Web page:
There are places I’ll remember
All my life,
Though some have changed.
Some for better,
Some for ever.
Some have gone,
But some remain.
As we came out of lockdown during July, I began spending two or three days a week visiting (or rather, re-visiting) a lot of places I’d had on a vague mental “tick list” for some time. Many of these, though by no means all, held associations for me from times in my distant, or fairly distant, past. Maps helped string some of these together for longer Sunday walks. Most of these “places” were in Kent or East Sussex. It was great fun. Few were in any sense on the beaten track, and cunning use of the path alongside the Royal Military Canal, coupled with the well-signposted but not too well-frequented Saxon Shore Way, facilitated a whole string of circular outings across the Romney Marsh and the downs above Folkestone,
The Romney Marsh was an area I’d spent much time exploring as a kid and young teenager, We had family holidays on the coast at Littlestone on Sea. I was never one for the sea or the beach. On foot or, a bit later, on my heavy old Elswick “clunker” pedal bike, I was pretty much free to roam as far as my three-speed gears would take me. Always, I remember, those bike rides seemed to be into the prevailing wind, never with it. And it always, mysteriously, swung into the opposite direction around the time I turned for home.
Thus it was that I got to visit most of the (to me at that time) spooky old medieval “wool churches” on the Marsh, or, in complete contrast, marvel at the scale of the building site for the Dungeness B nuclear power station, alongside its (at that time, still-operational) forbear, Dungeness A. Such things, and the acres of uncluttered sky above it all, were well outside the usual day to day experience of a south-east London schoolboy. They made an indelible mark on me: an itch that has demanded scratching for many years, but which, for shame, I have often neglected. That it was a beginning in total contrast to the amount of time I have spent in mountains and high places during my adult life, is a paradox I still grapple with.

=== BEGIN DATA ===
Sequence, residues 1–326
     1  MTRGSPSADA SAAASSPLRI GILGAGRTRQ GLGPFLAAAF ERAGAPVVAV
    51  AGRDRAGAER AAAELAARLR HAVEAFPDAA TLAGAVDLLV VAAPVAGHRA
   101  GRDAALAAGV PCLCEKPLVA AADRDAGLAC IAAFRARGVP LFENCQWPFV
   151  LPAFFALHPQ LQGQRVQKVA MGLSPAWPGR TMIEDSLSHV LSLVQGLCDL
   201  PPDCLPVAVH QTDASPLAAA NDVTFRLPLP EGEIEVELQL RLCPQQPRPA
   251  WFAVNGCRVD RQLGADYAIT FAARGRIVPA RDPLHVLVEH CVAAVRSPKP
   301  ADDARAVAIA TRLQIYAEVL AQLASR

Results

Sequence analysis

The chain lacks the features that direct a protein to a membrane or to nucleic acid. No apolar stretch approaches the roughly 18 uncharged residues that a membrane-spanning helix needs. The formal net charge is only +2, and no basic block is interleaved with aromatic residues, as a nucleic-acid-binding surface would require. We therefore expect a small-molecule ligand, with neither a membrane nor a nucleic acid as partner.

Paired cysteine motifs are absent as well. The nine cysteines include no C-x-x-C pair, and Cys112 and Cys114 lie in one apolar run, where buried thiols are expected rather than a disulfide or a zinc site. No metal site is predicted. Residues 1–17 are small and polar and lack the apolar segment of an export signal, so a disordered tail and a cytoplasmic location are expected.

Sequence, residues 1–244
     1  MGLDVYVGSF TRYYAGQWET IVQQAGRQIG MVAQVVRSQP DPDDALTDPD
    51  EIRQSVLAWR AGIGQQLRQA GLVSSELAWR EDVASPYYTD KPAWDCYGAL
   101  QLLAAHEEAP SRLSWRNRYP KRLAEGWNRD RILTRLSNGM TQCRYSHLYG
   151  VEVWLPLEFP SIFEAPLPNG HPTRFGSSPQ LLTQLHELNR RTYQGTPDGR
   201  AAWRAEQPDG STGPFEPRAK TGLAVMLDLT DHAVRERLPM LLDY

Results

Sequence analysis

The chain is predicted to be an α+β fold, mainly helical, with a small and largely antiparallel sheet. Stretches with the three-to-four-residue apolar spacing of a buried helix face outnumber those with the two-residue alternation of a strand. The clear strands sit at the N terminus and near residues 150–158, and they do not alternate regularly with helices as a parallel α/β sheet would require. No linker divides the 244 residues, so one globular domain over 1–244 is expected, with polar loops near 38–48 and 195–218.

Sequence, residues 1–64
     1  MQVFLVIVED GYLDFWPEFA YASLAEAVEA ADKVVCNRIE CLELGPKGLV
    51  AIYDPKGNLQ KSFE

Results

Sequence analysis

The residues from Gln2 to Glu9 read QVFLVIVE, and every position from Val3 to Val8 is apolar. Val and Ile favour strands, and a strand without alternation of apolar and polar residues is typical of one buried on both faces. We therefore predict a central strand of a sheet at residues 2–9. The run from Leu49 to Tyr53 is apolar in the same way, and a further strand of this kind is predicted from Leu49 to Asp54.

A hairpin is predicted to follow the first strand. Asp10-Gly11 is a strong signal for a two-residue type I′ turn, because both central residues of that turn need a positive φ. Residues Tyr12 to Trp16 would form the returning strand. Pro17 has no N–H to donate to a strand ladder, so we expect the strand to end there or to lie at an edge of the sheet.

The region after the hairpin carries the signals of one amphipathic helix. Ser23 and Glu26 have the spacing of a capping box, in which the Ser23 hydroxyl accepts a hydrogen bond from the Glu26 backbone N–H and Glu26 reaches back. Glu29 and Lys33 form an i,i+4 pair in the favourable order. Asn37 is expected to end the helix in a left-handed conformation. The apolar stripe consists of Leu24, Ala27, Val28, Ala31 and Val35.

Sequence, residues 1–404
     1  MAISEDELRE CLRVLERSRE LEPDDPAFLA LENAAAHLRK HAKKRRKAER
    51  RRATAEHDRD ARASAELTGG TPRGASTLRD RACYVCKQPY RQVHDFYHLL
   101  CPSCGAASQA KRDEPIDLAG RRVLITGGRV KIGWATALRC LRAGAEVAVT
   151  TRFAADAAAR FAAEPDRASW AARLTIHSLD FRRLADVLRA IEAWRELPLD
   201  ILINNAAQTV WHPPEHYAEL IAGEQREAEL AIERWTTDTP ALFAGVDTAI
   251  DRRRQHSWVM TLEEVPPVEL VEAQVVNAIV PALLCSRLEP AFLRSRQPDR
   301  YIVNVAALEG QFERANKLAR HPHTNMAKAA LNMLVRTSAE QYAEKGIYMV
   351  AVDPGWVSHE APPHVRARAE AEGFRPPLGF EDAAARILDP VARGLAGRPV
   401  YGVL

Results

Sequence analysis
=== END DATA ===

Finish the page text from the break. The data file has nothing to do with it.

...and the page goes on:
When lockdown eased and the restriction on local travel lifted, the need for the comfort of familiar but quiet places and to go for long, occasionally contemplative walks began to call. The simple logistics of getting from home to somewhere on the edge of the Marsh, armed with a map, a packed lunch and a flask of tea, took away the need to think too much about where we should go.
Our determination to follow the course of the Royal Military Canal in stages for several of our walks eventually took us to Rye and Winchelsea.
Both had been at the outer limit of where I could cycle to, and back, when I was a kid. The body was willing, the bike was the weak link. Winchelsea, which hardly seemed to have altered, had first drawn me for a revisit very soon after lockdown ended. I’d never been to pay my respects at Spike Milligan’s last resting place, in the big churchyard. As coincidence happens, Milligan had been one of my main comic heroes when I was a young teenager.